We are overlooking the obvious when supporting teachers

By Julian van der Kraats, Leiden University, the Netherlands.

The tools we use for almost everything in our modern world are increasingly more digital and software based. Education is no exception; even though the quality of education will ultimately always rely on the passion, knowledge and creativity of teachers, digital and software based tools are becoming more and more central to how knowledge is shared with students and how collaboration is facilitated. In a sense, everything is becoming “IT” and information technology is evolving rapidly, regularly presenting teachers with new possibilities and new challenges.

Usually, didactic support for teachers is well facilitated, but support for tooling lags behind. The way to tackle this is quite simple: why not use the existing support tools, processes and personnel from the IT-department? IT-departments have a long history of providing support to users of any skill level in a customer-centric and friendly way. Moreover, IT-departments have the tools and processes in place to ensure continuous improvement through customer feedback. All they really need is training and close cooperation with didactic experts.

But what makes integrating the IT-department even more valuable, is that they have processes and practices in place to continually look for opportunities to make life easier for both their customers and support personnel. We will look at two of them.

The first is Shift-Left. If we plot a graph with costs and time to resolution of a request, and look at what happens when a request is handled by the customer himself on the left, then further right the first line support, second line support and the third line (usually an external supplier), you see a steep incline of both costs and time to resolution the further to the right you go. So the goal is obviously to shift requests to the left; from the second line to the first line support, for example by making a knowledge base available to the helpdesk, written by functional managers of the application, that the first line helpdesk may use to quickly answer questions. Or by shifting from the first line to the customer, by making a well kept and easily usable knowledge base available to the customer himself. Or even better; by using customer feedback to redesign tooling in such a way that support questions are being prevented entirely!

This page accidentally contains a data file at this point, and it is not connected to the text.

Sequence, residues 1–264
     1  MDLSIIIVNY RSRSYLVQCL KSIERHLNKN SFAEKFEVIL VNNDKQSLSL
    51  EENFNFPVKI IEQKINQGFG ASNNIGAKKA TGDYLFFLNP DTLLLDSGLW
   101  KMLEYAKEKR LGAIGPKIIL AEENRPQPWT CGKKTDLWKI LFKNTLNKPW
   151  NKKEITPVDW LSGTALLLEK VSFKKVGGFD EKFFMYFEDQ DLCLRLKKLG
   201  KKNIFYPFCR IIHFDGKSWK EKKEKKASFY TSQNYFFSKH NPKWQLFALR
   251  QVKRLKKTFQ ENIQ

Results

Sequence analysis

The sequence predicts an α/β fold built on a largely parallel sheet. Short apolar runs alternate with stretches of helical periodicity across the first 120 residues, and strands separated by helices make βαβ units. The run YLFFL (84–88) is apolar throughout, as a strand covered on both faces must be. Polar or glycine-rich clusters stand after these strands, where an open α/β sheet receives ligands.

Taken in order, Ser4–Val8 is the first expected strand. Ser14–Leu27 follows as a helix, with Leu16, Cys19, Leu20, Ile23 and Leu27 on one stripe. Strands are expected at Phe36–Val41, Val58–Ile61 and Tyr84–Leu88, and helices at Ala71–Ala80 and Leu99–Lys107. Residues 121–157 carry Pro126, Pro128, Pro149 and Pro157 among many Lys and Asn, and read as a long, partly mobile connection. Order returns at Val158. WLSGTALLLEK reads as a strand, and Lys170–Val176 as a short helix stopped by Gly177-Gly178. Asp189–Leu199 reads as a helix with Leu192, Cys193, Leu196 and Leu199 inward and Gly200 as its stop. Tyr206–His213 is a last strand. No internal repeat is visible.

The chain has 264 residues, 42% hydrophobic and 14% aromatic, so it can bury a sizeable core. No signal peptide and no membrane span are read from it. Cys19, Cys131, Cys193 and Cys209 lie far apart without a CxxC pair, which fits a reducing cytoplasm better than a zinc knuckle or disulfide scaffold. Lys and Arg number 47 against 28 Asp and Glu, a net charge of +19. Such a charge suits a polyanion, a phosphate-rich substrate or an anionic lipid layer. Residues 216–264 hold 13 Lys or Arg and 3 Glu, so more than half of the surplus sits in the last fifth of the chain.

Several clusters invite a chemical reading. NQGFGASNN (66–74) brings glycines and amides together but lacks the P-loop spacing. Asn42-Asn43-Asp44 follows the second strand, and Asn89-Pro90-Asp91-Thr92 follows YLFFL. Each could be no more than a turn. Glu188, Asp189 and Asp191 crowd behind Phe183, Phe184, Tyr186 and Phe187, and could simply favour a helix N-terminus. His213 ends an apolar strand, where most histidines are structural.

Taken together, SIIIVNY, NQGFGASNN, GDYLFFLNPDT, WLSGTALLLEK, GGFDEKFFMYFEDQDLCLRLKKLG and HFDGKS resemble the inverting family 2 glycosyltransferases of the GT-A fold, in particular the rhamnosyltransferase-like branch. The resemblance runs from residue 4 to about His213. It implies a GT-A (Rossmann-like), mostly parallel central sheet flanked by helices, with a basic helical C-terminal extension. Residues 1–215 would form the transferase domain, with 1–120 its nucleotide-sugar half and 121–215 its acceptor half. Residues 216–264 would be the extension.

Shift-left closely ties in with another practice that is widely used by IT-departments: Knowledge Centered Support (KCS). By far the biggest part of IT-support is answering questions, and because tooling is continuously changing, the questions will never stop coming. KCS defines roles and processes to keep knowledge up to date and relevant, insuring that customers can help themselves so questions to support are prevented. But also that when a question does end up at support, it’s answered correctly and efficiently. In that way, KCS is one of the main drivers of Shift-Left. IT-departments have years of experience with these practices and with the tools to implement them.

Of course, making the best of existing and new technologies requires a didactic point of view that an IT-department just can’t offer. However, if a network for close cooperation between IT and didactic specialists is created, we can continuously offer the best possible support for teachers and students in an ever changing, software-based world.

Editor’s note: Julian van der Kraats will be presenting at the Media & Learning Conference that will take place 2-3 June in Leuven, Belgium. More information about the conference can be found here.


Julian van der Kraats, Leiden University, the Netherlands.